Café Mouffe: Haifetz, Pavarotti & James Brown

Set 1: Jascha Heifetz plays Wieniawski’s ‘Polonaise No. 1’.

The idea for Café Mouffe began with a desire to include audio in the blog. Thanks to the R.I.A.A., precious little of the world’s recorded music was available in the Creative Commons. So I turned to YouTube, even though watching video is something of a barrier for me. Audio content is abundant on YouTube. It may not be licensed in the Creative Commons, either, but it’s being shared that way whether the R.I.A.A. likes it or not.

Turns out I am not alone in the pursuit of sound through video. Café Mouffe wouldn’t work without legions of jazz fans sharing their collections. Classical audiophiles are doing the same, and now NPR Music is covering the phenomenon:

YouTube has evolved into much more than a web destination for home videos of cats playing the piano. Commentator Miles Hoffman says the popular video site has turned into something of a treasure trove for lovers of classical music—grainy newsreels, clips from old movies, the sound and sight of virtuosos of every stripe.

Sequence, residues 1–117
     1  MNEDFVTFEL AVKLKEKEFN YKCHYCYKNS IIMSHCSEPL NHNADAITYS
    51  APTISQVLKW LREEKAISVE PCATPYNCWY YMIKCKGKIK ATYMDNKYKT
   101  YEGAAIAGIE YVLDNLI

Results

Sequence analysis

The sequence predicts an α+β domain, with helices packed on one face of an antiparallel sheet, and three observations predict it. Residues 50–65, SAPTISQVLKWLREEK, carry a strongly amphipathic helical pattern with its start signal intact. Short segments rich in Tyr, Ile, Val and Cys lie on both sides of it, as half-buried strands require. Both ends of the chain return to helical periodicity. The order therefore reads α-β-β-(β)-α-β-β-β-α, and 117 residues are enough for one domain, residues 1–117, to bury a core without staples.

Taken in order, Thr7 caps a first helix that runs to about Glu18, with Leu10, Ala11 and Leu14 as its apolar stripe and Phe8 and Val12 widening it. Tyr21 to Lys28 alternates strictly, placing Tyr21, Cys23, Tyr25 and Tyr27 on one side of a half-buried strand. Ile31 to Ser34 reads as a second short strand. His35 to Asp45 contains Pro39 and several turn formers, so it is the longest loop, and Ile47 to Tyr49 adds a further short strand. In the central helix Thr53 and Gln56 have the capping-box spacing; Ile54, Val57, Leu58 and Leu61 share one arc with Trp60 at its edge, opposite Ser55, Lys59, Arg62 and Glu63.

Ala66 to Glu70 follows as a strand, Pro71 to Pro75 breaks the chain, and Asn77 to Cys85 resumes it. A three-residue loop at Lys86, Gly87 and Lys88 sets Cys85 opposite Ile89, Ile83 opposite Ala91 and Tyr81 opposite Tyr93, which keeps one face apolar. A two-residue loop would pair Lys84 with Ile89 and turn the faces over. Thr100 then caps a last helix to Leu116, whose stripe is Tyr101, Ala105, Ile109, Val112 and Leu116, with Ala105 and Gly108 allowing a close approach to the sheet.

Set 2: Jussi Bjorling & Robert Merrill sing Bizet.

Set 3: Luciano Pavarotti & James Brown sing ‘It’s a Man’s World’. Who knew Pavarotti sang a duet with James Brown? That one is a hoot.

Here are Hoffman’s top classical picks on YouTube:

  1. Arturo Toscanini conducts Beethoven’s 9th SymphonyHenryk Szeryng plays Brahms’ Violin Concerto
  2. Maria Callas sings Saint-Saens’ ‘Samson et Dalila’
  3. Jascha Heifetz plays Wieniawski’s ‘Polonaise No. 1’
  4. John McCormack sings ‘I Hear You Calling Me’
  5. Rubinstein, Heifetz, Piatigorsky play Mendelssohn
  6. Edith Piaf sings ‘La Vie en Rose’
  7. Jussi Bjorling & Robert Merrill sing Bizet
  8. Dudley Moore performs ‘Die Flabbergast’
  9. Luciano Pavarotti & James Brown sing ‘It’s a Man’s World’

Café Mouffe opens every Friday at 3:00 p.m. Please drop by for a listen and a chat. Sometimes the embedded videos don’t work here due to bandwidth constraints, but you’ll always find links to video sources in the set notes. Try them. If you’re curious about the Mouffe, here’s the original idea behind it’s creation.

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